A.3.More on the shell and related utilities

[Tip]Tip

You may also want to check the resources listed in SectionA.2.1, “General Linux resources” for information on the Linux CLI.

A.3.1.General information on the Bash shell

GNU Bash has an online manual.

Machtelt Garrels (mentioned in SectionA.2.1, “General Linux resources”) has a Bash Guide for Beginners.[46]

Of course, you can also check info bash.

As for books:

Albing, Carl, and JP Vossen and Cameron Newham. bash Cookbook: Solutions and Examples for bash Users. Sebastopol: O'Reilly, 2007.

Kiddle, Oliver, and Jerry Peek and Peter Stephenson. From Bash to Z Shell: Conquering the Command Line. Berkeley: Apress, 2004.

Newham, Cameron. Learning the bash Shell. 3rd ed. Sebastopol: O'Reilly, 2005.

A.3.2.Changing your shell temporarily to Bash

If your default shell (which you can check by typing echo $SHELL) is not Bash and you'd like to try using Bash, here's one way to do so:

  1. First, go to your home directory (in case you are not already there) by typing cd at the prompt.[49]

  2. Next, check to see if the .bashrc file[48] already exists by typing ls .bashrc at the prompt.[49]

  3. If .bashrc does exist, then back it up by typing mv .bashrc .bashrc.old at the prompt,[50] which will rename .bashrc to .bashrc.old.

  4. Next, type the following two lines exactly as they appear (including all of the quotation marks but without any footnote references), pressing Enter after each line, to create your own .bashrc file:

    echo 'export PS1="[bash \u@\h \W]$ "' > .bashrc[51][52][53]

    echo 'alias ls="ls --color"' >> .bashrc[53][54]

Now, to switch to Bash when you're using your default shell, just type bash at the prompt.

Compared to how my prompt looked in Section1.4, “Shells, the shell prompt, and your home directory”, it now looks like this: [bash jg18@grid ~]$

To exit Bash and return to your default, type exit at the prompt. Note that if you want to exit the terminal when you're using Bash in this way, you'll need to type exit twice: once to exit Bash and then again to exit your default shell.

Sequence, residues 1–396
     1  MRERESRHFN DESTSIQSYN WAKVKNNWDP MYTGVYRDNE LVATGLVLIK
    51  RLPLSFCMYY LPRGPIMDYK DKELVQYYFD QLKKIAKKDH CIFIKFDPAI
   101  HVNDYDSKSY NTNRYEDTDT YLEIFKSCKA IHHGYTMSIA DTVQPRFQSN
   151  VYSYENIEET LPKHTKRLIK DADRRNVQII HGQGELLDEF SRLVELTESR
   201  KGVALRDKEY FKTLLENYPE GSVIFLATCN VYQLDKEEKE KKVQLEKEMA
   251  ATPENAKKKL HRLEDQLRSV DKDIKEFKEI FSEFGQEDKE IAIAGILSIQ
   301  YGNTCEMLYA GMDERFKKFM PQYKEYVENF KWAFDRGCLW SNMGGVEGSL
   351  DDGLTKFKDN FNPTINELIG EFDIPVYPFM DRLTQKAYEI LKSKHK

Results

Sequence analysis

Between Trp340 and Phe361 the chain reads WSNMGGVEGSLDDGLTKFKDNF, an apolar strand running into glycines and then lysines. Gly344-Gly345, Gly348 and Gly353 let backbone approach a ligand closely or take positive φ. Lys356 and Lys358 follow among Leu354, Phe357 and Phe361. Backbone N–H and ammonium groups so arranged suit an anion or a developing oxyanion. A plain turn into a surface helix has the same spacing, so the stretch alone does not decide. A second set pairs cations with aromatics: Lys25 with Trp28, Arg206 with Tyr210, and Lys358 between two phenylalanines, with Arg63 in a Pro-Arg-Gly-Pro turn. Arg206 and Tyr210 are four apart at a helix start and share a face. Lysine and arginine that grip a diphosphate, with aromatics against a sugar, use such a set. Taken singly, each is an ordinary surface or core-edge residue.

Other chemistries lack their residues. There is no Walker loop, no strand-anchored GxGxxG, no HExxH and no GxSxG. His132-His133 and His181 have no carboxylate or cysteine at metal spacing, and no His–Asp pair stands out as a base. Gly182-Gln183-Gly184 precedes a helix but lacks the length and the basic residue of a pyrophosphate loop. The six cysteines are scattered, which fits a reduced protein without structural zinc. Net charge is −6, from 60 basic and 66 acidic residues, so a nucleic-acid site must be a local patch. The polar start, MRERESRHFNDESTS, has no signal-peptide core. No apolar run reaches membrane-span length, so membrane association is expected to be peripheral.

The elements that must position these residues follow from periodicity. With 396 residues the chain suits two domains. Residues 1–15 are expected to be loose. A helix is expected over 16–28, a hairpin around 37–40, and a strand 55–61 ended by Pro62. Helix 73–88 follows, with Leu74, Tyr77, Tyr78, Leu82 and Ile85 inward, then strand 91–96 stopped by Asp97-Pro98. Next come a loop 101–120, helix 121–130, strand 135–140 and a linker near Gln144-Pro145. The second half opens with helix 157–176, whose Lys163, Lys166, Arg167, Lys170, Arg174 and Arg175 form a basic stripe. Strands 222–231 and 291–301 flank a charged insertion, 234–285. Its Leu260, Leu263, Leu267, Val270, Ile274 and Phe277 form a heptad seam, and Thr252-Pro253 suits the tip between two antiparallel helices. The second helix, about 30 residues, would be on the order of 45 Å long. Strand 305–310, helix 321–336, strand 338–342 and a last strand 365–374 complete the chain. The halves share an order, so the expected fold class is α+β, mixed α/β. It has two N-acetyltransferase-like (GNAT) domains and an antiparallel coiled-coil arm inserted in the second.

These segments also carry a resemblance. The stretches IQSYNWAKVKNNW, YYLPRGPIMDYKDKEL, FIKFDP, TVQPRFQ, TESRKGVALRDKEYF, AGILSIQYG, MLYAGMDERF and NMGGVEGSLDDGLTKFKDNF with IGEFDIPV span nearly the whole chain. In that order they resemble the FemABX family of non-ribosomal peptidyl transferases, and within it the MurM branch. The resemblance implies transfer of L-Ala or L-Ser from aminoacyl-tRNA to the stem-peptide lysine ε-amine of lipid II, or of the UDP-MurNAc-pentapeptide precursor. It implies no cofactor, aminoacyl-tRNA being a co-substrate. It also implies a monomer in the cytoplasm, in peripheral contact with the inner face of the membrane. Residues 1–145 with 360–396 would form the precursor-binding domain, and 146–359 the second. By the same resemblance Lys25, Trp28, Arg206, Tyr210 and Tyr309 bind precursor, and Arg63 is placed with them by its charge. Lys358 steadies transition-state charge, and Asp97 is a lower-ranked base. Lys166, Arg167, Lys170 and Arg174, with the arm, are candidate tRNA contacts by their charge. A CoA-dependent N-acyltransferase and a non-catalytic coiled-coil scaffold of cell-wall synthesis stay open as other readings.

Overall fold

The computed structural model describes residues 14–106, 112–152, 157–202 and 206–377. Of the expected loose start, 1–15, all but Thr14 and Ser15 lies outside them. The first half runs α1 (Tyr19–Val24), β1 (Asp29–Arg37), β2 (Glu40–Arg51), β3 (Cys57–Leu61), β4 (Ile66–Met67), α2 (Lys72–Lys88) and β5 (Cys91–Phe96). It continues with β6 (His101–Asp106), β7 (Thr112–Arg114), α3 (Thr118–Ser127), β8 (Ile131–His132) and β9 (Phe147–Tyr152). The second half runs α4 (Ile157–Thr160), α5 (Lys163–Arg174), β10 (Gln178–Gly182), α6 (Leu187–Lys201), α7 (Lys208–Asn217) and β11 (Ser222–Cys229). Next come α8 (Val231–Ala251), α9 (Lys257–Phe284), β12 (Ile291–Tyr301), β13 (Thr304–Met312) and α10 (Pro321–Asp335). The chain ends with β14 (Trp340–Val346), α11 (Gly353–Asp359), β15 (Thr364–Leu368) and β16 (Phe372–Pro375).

A.3.3.Text processing with the shell

The best article on text processing with the shell that I know of is "Unix for Poets", and since I'm not sure whether any given link to this article (in .pdf) will last, the best way to find it is through a Google search.

A good companion to "Unix for Poets" is "egrep for Linguists".

As for books:

Dougherty, Dale, and Arnold Robbins. sed & awk. 2nd ed. Sebastopol: O'Reilly Media, 1997.

Friedl, Jeffrey. Mastering Regular Expressions. 3rd ed. Sebastopol: O'Reilly Media, 2006.

A.3.4.Shell scripting (using Bash)

[Tip]Tip

The resources mentioned in SectionA.3.1, “General information on the Bash shell” may also be helpful in learning about shell scripting.

Mendel Cooper has written an Advanced Bash-Scripting Guide.[46]

As for books:

Robbins, Arnold, and Nelson H.F. Beebe. Classic Shell Scripting. Sebastopol: O'Reilly, 2005.

A.3.5.The GNU Core Utilities (coreutils)

GNU has an online manual for coreutils.

Wikipedia has an article as well.

The blog Command Line Warriors has a post entitled Ten Cool Coreutils Commands.

You can also find a great deal of built-in information by typing info coreutils.



[48] The .bashrc file contains your personal settings for Bash. Most likely, this file does not exist.

[49] The commands cd and ls are discussed in Section3.2, “Navigating the file system”.

[50] The command mv is discussed in Section3.3, “Manipulating the file system”.

[51] This will set up your Bash prompt to look like the one shown in Section1.4, “Shells, the shell prompt, and your home directory” but with the word bash after the [ character to remind you that you're using Bash.

[52] Note that there is a space after the $ character.

[53] The command echo and the I/O redirection operators > and >> are discussed in Section3.5, “Working with text streams”.

[54] This line is optional but recommended, as it will add color to the output of ls,[49] so that when you get the listing of a directory's contents with ls, different types of files (including directories, executables, etc.) will appear in different colors, which makes it easier to tell them apart.

However, as far as I know, this line will only work when your terminal supports color (which it probably does), which you can check by typing echo $TERM and confirming that the following is the output:

xterm-color

Finally, this line was taken from a discussion on a Brandeis University bulletin board in a thread called "SSH Colors".


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